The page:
This study contrasts and compares how jurisdictions develop and monitor their strategic plans for achieving greenhouse gas (GHG) emission reductions. This is useful insight as the Scottish Government develops plans to meet the targets in the Scottish Climate Change Act.

The study looked at 16 jurisdictions (12 national and four sub-national). Of these, eight national and sub-national jurisdictions – Belgium (including Flanders and Wallonia), Germany (including Baden Württemberg), Netherlands, New Zealand and Sweden – were then reviewed in more detail. These were selected based on various criteria, including the level of ambition in their climate plans, the modelling approach used, sub-national links and innovative approaches taken.

Main findings:
  • Only two of the eight jurisdictions have either legislated, or are legislating for, a net zero target.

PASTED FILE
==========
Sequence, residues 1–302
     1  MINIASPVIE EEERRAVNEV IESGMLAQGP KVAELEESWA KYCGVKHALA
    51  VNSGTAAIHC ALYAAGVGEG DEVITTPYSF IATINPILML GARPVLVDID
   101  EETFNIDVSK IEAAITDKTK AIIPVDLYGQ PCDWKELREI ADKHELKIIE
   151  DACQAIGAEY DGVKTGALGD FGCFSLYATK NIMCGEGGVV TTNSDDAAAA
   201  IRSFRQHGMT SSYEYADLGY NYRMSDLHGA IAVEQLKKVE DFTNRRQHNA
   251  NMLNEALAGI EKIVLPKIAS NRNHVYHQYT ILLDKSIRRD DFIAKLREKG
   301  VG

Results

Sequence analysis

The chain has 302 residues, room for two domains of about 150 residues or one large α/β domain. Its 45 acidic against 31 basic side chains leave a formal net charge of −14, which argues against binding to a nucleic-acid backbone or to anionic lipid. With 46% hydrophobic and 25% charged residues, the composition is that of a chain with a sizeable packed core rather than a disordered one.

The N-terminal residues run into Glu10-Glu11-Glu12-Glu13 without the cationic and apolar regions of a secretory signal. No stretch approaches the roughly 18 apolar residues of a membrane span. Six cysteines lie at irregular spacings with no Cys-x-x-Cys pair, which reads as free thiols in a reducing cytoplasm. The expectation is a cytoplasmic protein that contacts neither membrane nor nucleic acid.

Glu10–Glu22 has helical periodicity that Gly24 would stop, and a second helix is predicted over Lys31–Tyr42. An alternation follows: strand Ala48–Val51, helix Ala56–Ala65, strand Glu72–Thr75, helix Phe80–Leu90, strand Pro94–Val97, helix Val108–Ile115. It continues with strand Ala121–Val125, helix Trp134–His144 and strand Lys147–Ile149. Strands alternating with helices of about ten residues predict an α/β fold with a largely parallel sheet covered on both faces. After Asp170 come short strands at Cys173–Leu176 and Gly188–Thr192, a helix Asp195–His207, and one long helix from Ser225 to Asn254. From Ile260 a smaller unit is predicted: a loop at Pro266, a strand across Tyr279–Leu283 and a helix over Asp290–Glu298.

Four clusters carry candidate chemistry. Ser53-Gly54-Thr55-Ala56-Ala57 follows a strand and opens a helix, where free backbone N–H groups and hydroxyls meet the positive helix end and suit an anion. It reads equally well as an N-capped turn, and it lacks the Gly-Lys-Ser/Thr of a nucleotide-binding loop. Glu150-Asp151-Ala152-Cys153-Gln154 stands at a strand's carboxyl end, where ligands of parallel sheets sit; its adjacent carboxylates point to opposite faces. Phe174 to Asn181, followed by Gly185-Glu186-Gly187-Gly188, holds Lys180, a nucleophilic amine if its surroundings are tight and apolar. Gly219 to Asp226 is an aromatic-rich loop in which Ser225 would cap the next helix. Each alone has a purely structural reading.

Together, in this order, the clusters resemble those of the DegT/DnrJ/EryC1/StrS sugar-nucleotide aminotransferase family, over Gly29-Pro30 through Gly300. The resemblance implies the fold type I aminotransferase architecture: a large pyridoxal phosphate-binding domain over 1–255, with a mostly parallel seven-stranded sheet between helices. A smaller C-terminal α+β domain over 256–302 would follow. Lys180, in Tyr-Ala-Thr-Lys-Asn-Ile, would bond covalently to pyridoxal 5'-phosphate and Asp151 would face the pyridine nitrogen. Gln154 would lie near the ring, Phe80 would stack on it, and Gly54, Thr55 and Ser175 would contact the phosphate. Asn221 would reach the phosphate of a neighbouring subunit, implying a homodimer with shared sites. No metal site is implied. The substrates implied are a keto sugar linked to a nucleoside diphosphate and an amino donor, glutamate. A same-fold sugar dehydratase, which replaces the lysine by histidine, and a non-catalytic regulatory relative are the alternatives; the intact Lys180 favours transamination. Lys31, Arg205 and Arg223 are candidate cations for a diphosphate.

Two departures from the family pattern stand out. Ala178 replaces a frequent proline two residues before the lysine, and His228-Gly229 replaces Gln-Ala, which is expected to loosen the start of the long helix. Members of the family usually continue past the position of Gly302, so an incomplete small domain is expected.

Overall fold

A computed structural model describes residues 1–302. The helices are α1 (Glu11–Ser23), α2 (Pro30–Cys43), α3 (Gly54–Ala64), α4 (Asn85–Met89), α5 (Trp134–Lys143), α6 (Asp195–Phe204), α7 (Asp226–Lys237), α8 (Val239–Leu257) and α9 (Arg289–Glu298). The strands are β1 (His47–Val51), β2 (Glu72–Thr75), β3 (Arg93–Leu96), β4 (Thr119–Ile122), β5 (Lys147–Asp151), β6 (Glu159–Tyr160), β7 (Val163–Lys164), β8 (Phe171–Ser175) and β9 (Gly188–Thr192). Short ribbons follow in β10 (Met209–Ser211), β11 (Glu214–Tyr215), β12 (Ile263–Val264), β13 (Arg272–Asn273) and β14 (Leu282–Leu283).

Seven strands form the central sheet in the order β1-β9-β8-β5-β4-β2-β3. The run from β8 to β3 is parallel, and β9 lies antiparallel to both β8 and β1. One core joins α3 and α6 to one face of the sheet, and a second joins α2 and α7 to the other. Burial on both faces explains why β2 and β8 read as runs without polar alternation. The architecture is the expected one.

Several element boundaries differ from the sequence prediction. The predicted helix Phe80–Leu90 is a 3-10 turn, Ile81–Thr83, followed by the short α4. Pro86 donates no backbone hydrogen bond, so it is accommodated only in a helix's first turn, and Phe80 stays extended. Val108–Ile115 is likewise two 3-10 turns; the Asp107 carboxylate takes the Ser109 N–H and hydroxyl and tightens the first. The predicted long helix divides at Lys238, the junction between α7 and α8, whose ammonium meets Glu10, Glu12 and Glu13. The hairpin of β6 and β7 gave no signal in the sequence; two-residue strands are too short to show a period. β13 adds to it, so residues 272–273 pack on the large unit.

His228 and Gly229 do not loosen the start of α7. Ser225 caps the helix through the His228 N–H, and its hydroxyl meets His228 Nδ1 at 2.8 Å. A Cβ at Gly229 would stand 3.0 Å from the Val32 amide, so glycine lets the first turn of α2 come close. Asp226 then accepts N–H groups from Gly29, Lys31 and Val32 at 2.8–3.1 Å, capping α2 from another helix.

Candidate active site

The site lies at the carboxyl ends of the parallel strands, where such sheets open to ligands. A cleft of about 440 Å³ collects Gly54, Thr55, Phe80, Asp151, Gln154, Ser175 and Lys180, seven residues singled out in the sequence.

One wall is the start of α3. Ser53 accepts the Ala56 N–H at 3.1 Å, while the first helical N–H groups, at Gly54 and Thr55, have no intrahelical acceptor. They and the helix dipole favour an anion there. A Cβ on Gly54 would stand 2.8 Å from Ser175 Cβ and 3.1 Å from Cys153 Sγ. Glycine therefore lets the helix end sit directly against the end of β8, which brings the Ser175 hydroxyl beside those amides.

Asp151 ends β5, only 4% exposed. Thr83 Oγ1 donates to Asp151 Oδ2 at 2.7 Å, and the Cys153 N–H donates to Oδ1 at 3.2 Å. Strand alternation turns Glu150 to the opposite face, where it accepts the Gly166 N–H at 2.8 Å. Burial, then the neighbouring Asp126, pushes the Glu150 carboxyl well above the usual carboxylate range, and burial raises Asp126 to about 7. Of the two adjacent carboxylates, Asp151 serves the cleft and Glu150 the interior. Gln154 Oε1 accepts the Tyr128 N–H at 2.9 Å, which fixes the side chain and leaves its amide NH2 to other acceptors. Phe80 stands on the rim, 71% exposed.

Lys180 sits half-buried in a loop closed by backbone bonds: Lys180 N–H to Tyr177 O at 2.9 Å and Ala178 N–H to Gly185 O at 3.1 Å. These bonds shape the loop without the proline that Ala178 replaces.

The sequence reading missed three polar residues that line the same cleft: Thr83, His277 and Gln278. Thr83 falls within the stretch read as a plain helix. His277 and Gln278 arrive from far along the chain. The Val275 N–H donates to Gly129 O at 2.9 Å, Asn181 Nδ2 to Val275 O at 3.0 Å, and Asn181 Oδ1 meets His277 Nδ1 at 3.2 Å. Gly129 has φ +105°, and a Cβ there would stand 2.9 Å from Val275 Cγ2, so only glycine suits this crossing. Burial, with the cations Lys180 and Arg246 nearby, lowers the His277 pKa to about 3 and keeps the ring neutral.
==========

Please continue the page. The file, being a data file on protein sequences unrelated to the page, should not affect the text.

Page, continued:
• Some have expressed their GHG emission reduction targets as an absolute economy-wide percentage reduction of all GHGs compared to a 1990 baseline. However, there are cases where jurisdictions have chosen to exclude certain sectors from the economy-wide targets being set.
  • When setting a 2050 GHG emissions reduction target, most jurisdictions have set a 2030 target to act as a stepping stone along the way.
  • All jurisdictions had common elements, for example quantitative assessment of emission reduction potential and the associated costs.
  • Jurisdictions would typically enter into political decision-making process which involves engagement with their political parties, key industry players, civil society and academia.
  • Jurisdictions identified the importance of a clear governance and institutional set-up to ensure implementation and regular review of the climate plan. For most jurisdictions, the implementation was led by the Environment Ministry, with support from several other ministries.